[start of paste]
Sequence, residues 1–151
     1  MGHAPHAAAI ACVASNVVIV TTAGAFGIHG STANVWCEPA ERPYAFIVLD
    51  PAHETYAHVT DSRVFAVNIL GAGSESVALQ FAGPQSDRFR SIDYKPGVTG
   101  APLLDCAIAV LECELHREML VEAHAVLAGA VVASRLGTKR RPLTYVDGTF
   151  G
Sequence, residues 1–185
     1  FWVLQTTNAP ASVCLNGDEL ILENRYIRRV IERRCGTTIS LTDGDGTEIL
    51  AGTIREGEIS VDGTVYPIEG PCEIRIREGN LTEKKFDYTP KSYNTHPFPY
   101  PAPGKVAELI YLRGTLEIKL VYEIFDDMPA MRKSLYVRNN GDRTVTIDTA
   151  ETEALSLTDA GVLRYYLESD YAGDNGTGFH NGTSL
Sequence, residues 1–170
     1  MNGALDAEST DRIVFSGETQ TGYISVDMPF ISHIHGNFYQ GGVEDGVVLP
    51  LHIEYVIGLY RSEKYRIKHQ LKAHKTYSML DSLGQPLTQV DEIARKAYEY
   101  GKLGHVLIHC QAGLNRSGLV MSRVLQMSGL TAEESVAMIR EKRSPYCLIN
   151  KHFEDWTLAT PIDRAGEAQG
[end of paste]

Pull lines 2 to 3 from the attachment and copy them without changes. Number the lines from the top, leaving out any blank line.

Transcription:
     1  MGHAPHAAAI ACVASNVVIV TTAGAFGIHG STANVWCEPA ERPYAFIVLD
    51  PAHETYAHVT DSRVFAVNIL GAGSESVALQ FAGPQSDRFR SIDYKPGVTG